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Anthracyclines play an important role in the treatment of breast cancer but their beneficial therapeutic effects may not be the same for all breast cancer patients. Side effects, including cardiotoxicity, may be avoided if biomarkers of response could be identified. Topoisomerase 2 alpha (Topo2α) is a target of anthracyclines and has been proposed as a chemosensitivity marker of anthracycline-containing therapies by in vitro and in vivo studies. But the method to detect it remains a controversial issue. Treatment in the neoadjvant setting is a unique opportunity to examine biomarkers of response to chemotherapy.
To examine the role of Topo2α in response to anthracycline neoadjuvant chemotherapy both at the protein level by immunohistochemistry (IHC) and at the gene level using chromogen in situ hybridisation (CISH).
This study includes 100 locally advanced breast cancer patients treated by fluorouracil, epirubicin, and cyclophosphamide (FEC) chemotherapy from 1999 to 2008. Pretreatment core biopsy is used to study different biologic markers (basal cytokeratin, EGFR, Ki-67, p53, and Her2) including Topo2α by IHC and to correlate the expression level with the rate of pathological complete response (pCR). CISH is used to determine the level of Topo2α gene amplification.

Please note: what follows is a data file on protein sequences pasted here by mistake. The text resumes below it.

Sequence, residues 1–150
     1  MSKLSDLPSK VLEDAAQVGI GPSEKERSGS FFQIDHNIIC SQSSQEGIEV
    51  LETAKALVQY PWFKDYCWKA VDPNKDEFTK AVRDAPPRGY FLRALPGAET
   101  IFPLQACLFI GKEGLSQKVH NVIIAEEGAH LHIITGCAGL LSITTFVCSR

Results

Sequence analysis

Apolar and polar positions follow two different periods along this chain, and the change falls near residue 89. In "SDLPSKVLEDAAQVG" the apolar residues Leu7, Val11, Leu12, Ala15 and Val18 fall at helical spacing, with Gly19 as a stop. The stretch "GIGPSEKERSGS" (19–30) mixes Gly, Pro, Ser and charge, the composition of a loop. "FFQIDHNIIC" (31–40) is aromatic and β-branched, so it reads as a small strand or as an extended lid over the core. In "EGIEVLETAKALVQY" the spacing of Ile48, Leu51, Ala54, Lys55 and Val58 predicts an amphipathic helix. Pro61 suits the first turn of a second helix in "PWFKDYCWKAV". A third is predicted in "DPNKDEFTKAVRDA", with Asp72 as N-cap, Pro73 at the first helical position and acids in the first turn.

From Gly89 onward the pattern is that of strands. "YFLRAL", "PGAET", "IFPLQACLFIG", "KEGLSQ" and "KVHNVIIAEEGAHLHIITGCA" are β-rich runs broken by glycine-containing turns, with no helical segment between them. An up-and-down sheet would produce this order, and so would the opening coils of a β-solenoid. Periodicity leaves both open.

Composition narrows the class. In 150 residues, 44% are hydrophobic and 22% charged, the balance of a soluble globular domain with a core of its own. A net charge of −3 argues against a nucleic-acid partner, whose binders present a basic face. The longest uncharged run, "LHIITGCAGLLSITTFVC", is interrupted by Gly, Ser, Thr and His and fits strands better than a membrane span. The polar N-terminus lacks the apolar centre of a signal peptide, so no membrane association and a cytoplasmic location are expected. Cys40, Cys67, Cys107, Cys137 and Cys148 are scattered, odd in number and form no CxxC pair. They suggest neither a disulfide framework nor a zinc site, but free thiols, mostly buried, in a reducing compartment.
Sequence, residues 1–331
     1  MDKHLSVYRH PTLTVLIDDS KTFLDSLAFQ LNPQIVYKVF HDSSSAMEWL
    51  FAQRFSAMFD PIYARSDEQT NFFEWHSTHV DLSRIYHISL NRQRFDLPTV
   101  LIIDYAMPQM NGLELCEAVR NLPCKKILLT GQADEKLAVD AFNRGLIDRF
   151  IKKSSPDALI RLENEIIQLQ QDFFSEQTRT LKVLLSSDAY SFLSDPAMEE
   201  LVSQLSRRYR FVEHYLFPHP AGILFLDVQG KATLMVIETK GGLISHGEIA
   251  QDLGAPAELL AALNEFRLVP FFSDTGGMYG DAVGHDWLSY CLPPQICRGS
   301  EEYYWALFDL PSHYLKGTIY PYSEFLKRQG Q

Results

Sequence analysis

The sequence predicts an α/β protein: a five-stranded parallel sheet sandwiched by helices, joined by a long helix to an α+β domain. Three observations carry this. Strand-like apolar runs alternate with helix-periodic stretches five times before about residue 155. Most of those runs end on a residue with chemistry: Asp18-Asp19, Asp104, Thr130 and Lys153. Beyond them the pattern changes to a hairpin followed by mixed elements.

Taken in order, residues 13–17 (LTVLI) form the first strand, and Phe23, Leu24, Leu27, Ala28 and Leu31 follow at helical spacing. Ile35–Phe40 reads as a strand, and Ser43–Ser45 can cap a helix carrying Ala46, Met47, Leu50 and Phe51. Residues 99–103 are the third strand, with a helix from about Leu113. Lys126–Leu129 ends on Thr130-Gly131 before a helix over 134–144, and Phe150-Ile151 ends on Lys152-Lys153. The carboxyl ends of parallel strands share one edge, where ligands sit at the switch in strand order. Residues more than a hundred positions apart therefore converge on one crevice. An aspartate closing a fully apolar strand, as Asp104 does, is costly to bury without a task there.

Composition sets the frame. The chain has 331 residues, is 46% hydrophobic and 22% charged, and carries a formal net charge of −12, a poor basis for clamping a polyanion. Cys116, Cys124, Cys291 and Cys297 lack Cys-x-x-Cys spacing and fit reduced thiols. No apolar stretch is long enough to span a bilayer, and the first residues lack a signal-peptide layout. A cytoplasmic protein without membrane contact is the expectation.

In the initial analysis of the first 64 patients, the rate of clinical complete response (CR) and pCR were 40.6% and 19.7%, respectively. Prechemotherapy Topo2α protein expression correlated with both clinical CR (P = 0.006) and pCR (P = 0.001). On multivariate analysis, only Topo2α expression correlated with pCR (P = 0.03). A correlation between Topo2α protein expression and gene amplification will be made.
The study demonstrates the importance of Topo2α as a predictor for both clinical CR and pCR to neoadjuvant anthracyclines in locally advanced breast cancer. Furthermore, it could be considered as part of pretreatment evaluation to help in improving the selection of patients for this type of treatment.